On this day in 1980, a Liberal (yes, Liberal) senator from South Australia, Don Jessop, talked about the dangers of climate change in the Australian senate. The whole lot is here. And below a clip…
Senator JESSOP (South Australia) – “I also welcome the Antarctic Treaty (Environment Protection) Bill 1980 and will make a few brief remarks about it….
“The first article, entitled ‘World ecology is endangered’, is from the Melbourne Age of 16 April, and deals with an examination by a panel of internationally recognised scientists. They told the United States Congress: . . that the world could face an ecological disaster unless the amount of carbon dioxide pumped into the atmosphere is controlled.
The second article is older, having been written on 28 February 1977. It is entitled ‘Heating Up: Global Race for Antarctic’s Riches’, [From U.S. News & World Report] and I wish to have only highlights of that article incorporated in Hansard.
We knew. Or should have. We blew it.
Jessop? Came acropper in 87. Grattan, M. 1987 SA Libs demote Hill, drop Jessop. The Age, 9 June. p 3
Also on this day
Senator Hill had been ambushed. It appears neither he nor his staff were aware the trigger proposal was likely to face such fierce opposition in Cabinet…. The anti-greenhouse, anti-trigger camp did not stop at this. The following day [23 May 2000] senator Minchin presented research he had commissioned from Dr Brian Fisher of the Australian Bureau of Agricultural and Resource Economics (ABARE), a critic of the Kyoto Protocol, which found that meeting Australia’s Kyoto target could cost between 0.5 per cent and 1.4 per cent of Gross National Product at 2010. The fossil fuel lobby used this research as a springboard to back Anderson’s and Minchin’s position, suggesting the trigger would have significant adverse economic implications. Dick Wells, the executive director of the Minerals Council of Australia, was quoted in the Australian Financial Review as saying, ‘[w]e agree with John Anderson that the trigger would harm employment and regional growth…..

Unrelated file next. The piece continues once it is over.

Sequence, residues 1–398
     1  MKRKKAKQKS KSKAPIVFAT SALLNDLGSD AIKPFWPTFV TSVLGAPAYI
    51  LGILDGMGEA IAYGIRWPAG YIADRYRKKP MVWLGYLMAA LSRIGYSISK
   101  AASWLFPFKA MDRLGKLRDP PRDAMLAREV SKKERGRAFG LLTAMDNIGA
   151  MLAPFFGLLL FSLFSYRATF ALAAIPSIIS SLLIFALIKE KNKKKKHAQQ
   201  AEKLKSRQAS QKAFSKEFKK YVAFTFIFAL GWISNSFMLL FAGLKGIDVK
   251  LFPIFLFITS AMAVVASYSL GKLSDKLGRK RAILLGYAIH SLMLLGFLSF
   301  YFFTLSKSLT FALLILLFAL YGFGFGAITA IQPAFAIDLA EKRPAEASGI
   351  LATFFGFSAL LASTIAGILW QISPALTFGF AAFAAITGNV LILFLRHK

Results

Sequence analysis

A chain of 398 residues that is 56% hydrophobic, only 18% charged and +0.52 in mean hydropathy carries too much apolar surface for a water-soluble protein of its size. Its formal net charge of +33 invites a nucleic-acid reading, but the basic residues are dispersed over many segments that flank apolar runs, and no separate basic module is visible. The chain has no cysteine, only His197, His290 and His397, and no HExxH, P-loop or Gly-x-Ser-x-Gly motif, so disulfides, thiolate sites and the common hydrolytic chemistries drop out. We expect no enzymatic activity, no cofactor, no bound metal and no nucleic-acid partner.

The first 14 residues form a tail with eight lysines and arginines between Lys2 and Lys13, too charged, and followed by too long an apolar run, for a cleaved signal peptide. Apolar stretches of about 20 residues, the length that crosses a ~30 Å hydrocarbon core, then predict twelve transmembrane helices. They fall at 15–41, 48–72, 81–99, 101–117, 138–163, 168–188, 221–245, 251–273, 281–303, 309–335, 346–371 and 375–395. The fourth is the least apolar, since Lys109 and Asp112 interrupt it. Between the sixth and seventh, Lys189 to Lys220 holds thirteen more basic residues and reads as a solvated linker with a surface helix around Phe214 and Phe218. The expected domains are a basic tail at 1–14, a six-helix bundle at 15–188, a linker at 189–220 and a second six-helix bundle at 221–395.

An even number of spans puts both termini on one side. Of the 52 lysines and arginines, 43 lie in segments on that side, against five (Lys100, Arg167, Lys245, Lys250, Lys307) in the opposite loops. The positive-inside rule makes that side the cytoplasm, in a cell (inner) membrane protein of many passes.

(Macintosh, 2007: 50)
2000 Taylor, L. 2000. Industry adds its weight to oppose greenhouse move. The Australian Financial Review, 25 May, p.7.
Industry started a strong campaign against the Environment Minister, Senator Robert Hill’s, proposed greenhouse trigger yesterday. This follows a fiery Cabinet discussion on Tuesday [23rd] over new greenhouse measures proposed by the Senator.
The Federal Cabinet is understood to have reached a clear understanding on Tuesday that no extra greenhouse requirements should be imposed on the proposed $1billion Kogan Creek power station in Queensland.
It rejected a memo from Senator Hill that the project be forced to invest in greenhouse-abatement projects to offset its own emissions. However, a spokesman for the Environment Minister said the Cabinet had not made a final decision.
Taylor, L. and Skulley, M. 2000. Cabinet clash on greenhouse. The Australian Financial Review, 24 May, p1.
Federal Cabinet faces a showdown over greenhouse environmental issues after ministers yesterday heard alarming predictions that meeting Australia’s emission targets could significantly cut economic growth and boost fuel prices.
The Minister for the Environment, Senator Robert Hill, and the Minister for Industry, Senator Nick Minchin, both entered Cabinet yesterday armed with new evidence about the extent of Australia’s greenhouse problems.
Economic research commissioned by Senator Minchin found that forcing industry to meet Australia’s targets under the Kyoto international greenhouse agreement could reduce gross national product by up to 1.4 per cent in 2010.
(MINCHIN COMMISSIONED BRIAN FISCHER TO DO ANOTHER SKY FALL DOCUMENT)
2013 Ian Dunlop in Canberra (riff on BHP?)